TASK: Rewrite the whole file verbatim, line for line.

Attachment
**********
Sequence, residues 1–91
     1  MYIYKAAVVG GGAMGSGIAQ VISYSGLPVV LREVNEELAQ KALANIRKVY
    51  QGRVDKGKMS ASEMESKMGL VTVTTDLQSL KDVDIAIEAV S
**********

Sequence, residues 1–91
     1  MYIYKAAVVG GGAMGSGIAQ VISYSGLPVV LREVNEELAQ KALANIRKVY
    51  QGRVDKGKMS ASEMESKMGL VTVTTDLQSL KDVDIAIEAV S